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Natural Hazards

, Volume 52, Issue 2, pp 319–328 | Cite as

Global earthquake casualties due to secondary effects: a quantitative analysis for improving rapid loss analyses

  • Kristin D. Marano
  • David J. Wald
  • Trevor I. Allen
Original Paper

Abstract

This study presents a quantitative and geospatial description of global losses due to earthquake-induced secondary effects, including landslide, liquefaction, tsunami, and fire for events during the past 40 years. These processes are of great importance to the US Geological Survey’s (USGS) Prompt Assessment of Global Earthquakes for Response (PAGER) system, which is currently being developed to deliver rapid earthquake impact and loss assessments following large/significant global earthquakes. An important question is how dominant are losses due to secondary effects (and under what conditions, and in which regions)? Thus, which of these effects should receive higher priority research efforts in order to enhance PAGER’s overall assessment of earthquakes losses and alerting for the likelihood of secondary impacts? We find that while 21.5% of fatal earthquakes have deaths due to secondary (non-shaking) causes, only rarely are secondary effects the main cause of fatalities. The recent 2004 Great Sumatra–Andaman Islands earthquake is a notable exception, with extraordinary losses due to tsunami. The potential for secondary hazards varies greatly, and systematically, due to regional geologic and geomorphic conditions. Based on our findings, we have built country-specific disclaimers for PAGER that address potential for each hazard (Earle et al., Proceedings of the 14th World Conference of the Earthquake Engineering, Beijing, China, 2008). We will now focus on ways to model casualties from secondary effects based on their relative importance as well as their general predictability.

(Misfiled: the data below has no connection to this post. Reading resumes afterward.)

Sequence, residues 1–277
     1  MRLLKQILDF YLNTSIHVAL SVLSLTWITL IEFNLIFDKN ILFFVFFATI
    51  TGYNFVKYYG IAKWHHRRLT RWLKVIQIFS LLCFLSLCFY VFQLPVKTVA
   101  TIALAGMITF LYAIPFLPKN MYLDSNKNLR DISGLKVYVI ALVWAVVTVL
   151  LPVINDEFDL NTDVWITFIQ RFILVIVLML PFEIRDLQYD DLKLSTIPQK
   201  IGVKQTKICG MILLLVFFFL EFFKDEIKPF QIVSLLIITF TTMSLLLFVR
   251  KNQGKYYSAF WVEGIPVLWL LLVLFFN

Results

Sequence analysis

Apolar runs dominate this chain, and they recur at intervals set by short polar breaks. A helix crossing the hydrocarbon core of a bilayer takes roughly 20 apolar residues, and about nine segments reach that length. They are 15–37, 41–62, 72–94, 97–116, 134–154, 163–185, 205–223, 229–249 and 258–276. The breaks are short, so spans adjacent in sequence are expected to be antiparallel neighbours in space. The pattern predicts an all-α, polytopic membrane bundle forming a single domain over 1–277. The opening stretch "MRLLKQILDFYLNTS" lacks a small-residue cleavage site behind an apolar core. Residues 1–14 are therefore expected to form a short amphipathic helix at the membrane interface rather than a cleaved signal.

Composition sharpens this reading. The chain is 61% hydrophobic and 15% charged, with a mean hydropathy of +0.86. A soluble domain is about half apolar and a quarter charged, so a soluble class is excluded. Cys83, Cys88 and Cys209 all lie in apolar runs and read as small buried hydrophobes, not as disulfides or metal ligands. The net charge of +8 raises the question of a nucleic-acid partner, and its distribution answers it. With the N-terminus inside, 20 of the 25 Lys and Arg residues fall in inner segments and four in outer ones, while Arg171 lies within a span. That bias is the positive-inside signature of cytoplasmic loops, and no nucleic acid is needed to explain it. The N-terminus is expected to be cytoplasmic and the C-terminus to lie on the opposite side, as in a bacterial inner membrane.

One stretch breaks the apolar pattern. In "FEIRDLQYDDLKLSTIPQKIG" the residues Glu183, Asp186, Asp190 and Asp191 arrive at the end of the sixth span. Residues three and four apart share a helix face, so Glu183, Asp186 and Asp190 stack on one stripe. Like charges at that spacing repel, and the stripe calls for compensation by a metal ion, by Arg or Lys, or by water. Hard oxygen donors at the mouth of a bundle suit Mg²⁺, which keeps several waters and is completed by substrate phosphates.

Keywords

PAGER Earthquake casualty Earthquake fatalities Earthquake hazard 

Notes

Acknowledgments

Advice from Paul Earle, Bruce Presgrave and John Bellini of the USGS National Information Center (NEIC) on procedures used for producing the PDE catalog was important for our analyses.

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Copyright information

© Springer Science+Business Media B.V. 2009 2009

Authors and Affiliations

  • Kristin D. Marano
    • 1
  • David J. Wald
    • 1
  • Trevor I. Allen
    • 2
    • 3
  1. 1.U.S. Geological Survey, GoldenGoldenUSA
  2. 2.U.S. Geological SurveyGoldenUSA
  3. 3.Geoscience AustraliaCanberraAustralia

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